"We can all receive unspeakable peace and partnering 
with our Savior as we learn to freely forgive 
those who have trespassed against us."
-Elder Larry J. Echo Hawk-

Forgiveness. Such a common word but one that many of us don't utilize as often as we should... if ever. At least, not in terms of forgiving others. When Jesus Christ came to this earth, when He was crucified and died for all of our sins; those sins we have already committed and future sins we will commit, He completed part of our Heavenly Father's plan to allow us to repent and to be forgiven; to start anew.

But just as we can pray to our Heavenly Father for forgiveness, He gave unto us a commandment as well. 

D&C 64:10 states:

"I, the Lord, will forgive whom I will forgive, but of you it is required to forgive all men."

Elder Larry J. Echo Hawk shared a story in a talk given at the April 2018 General Conference, one that I believe we all should read and marvel at; because you'll be hard pressed to find a more difficult act of forgiveness.

"On a December night in 1982, my wife, Terry, and I were awakened by a phone call...As I answered the sister's struggling voice said: Tommy is dead. A 20-year-old drunk driver, speeding at more than 85 miles per hour, recklessly ran a stoplight in..Denver, Colorado. He crashed violently into the car driven by my youngest brother, Tommy, instantly killing him and his wife, Joan....Our hearts were broken, and anger toward the young offender began to well up inside me."

Elder Hawk goes on to share the following:

"...a court sentencing hearing was held for the young man found responsible for vehicular manslaughter. In their ongoing grief and sorrow, my parents and oldest sister, Katy, attended the hearing. The drunk driver's parents were also there, and after the hearing concluded, they sat on a bench and wept. My parents and sister were sitting nearby as they sought to gain control of their own emotions. After a moment, my parents and sister stood up and walked to the driver's parents and offered them words of comfort and forgiveness. The men shook hands; the women held hands; there was deep sorrow and tears for all and a recognition that both families had suffered immensely. Mom, dad, and Katy led the way with their quiet strength and courage and showed our family [and anyone who reads this story] what forgiveness looks like."

After time passed, Elder Hawk mentions how his heart softened and, with the help of the Prince of Peace, his burden of pain was lifted and opened a pathway to healing. Through forgiveness, he remembers the joy he had with his brother, instead of the pain of him being gone.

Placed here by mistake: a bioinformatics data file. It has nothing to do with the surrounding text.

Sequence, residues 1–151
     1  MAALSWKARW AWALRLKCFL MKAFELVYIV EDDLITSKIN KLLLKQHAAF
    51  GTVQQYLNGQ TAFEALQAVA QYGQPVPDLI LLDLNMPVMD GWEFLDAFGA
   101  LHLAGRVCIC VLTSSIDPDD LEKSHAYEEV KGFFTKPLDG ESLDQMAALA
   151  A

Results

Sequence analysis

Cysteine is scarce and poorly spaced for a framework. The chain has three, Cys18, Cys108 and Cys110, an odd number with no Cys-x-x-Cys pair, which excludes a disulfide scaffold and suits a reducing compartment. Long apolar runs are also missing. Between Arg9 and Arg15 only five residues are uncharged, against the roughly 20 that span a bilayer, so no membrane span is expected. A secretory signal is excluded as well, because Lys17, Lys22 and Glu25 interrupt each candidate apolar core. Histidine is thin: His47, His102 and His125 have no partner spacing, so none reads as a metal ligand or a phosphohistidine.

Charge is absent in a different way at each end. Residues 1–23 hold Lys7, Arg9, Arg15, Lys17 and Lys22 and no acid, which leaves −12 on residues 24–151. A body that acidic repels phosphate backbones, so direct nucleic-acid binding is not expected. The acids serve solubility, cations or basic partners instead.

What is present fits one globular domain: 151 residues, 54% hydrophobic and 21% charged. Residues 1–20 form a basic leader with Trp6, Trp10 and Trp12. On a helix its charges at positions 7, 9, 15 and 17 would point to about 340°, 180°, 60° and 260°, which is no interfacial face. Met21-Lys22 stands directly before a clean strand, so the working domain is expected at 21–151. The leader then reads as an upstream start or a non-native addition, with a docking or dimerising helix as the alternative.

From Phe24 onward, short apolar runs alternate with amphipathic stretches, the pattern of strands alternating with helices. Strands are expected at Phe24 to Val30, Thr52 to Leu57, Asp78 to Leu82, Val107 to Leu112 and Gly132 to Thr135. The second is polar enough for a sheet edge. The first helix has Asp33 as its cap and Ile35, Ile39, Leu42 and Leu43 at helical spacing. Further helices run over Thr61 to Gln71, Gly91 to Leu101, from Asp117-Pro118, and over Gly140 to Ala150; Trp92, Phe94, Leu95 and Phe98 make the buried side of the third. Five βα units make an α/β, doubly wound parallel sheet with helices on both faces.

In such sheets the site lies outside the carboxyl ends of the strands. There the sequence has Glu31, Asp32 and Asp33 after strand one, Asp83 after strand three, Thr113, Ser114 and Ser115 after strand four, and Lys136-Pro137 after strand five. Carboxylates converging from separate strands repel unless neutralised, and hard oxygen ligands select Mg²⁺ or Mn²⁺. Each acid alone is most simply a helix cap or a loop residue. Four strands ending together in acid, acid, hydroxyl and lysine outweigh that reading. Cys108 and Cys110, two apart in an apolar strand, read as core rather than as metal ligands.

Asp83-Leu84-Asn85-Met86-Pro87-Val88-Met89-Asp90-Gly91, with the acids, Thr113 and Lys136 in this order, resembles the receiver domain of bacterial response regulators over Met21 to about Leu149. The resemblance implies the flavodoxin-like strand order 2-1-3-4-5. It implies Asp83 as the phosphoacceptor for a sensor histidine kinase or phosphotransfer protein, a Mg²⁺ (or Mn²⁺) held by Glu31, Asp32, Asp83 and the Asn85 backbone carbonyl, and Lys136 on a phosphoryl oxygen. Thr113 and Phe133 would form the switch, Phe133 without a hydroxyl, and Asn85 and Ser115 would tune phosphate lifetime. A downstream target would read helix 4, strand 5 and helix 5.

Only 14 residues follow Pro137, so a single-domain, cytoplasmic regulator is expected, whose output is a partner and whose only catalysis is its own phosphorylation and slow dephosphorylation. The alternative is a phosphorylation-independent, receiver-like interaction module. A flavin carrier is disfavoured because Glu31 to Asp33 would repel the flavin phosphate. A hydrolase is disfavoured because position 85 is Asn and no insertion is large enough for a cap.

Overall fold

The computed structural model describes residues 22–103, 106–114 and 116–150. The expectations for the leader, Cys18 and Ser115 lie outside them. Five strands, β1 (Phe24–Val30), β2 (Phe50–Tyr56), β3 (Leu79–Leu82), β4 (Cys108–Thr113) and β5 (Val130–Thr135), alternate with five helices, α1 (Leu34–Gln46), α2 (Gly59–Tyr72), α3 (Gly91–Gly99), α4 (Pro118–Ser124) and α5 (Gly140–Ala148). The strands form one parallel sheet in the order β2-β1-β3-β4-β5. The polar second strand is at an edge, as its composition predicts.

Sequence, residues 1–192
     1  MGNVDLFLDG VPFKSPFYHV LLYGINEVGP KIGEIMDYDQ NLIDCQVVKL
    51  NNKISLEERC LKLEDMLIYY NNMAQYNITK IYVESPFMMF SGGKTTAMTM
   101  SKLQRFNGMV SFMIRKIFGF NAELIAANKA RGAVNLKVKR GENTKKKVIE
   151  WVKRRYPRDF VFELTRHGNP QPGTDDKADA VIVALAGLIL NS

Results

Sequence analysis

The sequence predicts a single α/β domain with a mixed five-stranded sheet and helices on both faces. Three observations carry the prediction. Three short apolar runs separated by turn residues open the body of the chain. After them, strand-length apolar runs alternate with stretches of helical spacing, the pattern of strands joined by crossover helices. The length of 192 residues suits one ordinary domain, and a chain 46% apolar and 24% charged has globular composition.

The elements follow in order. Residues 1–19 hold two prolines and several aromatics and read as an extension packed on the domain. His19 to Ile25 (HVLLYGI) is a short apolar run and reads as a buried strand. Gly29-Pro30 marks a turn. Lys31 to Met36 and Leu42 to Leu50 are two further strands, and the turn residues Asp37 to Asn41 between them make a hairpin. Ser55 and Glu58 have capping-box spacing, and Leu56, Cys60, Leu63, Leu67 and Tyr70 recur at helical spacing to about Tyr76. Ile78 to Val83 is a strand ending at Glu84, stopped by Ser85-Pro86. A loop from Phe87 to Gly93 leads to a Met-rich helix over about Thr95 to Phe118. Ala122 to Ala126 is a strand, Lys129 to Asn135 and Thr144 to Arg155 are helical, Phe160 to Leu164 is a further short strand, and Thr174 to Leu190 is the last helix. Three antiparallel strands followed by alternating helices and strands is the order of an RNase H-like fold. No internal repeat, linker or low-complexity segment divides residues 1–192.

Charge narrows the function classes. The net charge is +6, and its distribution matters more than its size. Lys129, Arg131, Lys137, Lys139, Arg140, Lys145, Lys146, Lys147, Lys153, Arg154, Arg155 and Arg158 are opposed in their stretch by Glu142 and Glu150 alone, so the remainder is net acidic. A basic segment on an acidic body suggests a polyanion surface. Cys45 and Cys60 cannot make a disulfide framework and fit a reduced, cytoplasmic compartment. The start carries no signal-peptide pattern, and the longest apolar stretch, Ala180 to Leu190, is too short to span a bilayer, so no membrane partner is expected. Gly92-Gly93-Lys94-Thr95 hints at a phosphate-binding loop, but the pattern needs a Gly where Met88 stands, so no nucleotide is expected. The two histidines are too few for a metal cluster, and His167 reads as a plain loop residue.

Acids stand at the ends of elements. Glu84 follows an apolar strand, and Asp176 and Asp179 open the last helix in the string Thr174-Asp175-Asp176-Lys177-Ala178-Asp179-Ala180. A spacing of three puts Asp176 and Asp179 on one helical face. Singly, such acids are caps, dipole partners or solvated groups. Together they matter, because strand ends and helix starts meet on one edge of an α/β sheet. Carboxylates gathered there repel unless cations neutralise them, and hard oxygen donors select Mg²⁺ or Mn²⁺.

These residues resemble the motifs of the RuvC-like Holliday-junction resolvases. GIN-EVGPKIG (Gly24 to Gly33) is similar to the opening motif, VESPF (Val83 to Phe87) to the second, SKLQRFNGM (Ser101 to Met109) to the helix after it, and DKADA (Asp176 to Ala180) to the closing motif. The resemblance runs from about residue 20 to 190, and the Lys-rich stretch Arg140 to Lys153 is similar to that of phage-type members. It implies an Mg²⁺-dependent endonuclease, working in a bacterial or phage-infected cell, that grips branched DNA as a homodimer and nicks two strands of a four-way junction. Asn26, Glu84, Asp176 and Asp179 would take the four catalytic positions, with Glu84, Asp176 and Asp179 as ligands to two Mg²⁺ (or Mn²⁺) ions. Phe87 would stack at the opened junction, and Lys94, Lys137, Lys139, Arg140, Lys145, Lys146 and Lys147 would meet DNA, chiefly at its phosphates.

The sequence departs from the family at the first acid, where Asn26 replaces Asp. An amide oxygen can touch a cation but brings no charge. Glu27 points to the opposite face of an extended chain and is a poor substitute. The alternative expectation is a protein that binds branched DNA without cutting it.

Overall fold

The Savior teaches us:

"For if ye forgive men their trespasses, your Heavenly Father will also forgive you; but if ye forgive not men their trespasses, neither will your Father forgive your trespasses."

I am going to share a personal story now; one that many of you who follow me on Twitter or Facebook might have seen back in November, that especially pertains to forgiveness.

In November of 2013, I received a phone call at 3am one night. In a sleepy daze, I looked at my phone and saw it was my brother, Jared, calling me. I answered, wondering why he would be calling at such a late hour. Much to my surprise, it wasn't my brother calling, but his wife, Ashley. She was sobbing into the phone and told me the news I never thought I would hear, that my brother had taken his own life. I laid there for a moment in silence, shocked, not wanting to believe this was real, but that it was a bad dream. It slowly sank in that I was not, in fact, dreaming, but that my brother had passed on from this life to the next.

I went and woke my parents, telling them what I had just been told. We all rushed over to my brothers home, hoping that somehow he was still alive; but knowing deep down that he was gone from this mortal life. Over the next few weeks, our family grieved alone and together. I remember watching my parents and seeing how heartbroken they were. No parent should ever have to experience losing a child. I remember feeling angry at my brother, wondering why he would do this. Why would he take his life, why would he be so selfish and put all of us through this pain. I let that anger fester for weeks, never once thinking about the pain he was in. I stopped going to church, I wasn't praying or reading scriptures, I was just... existing.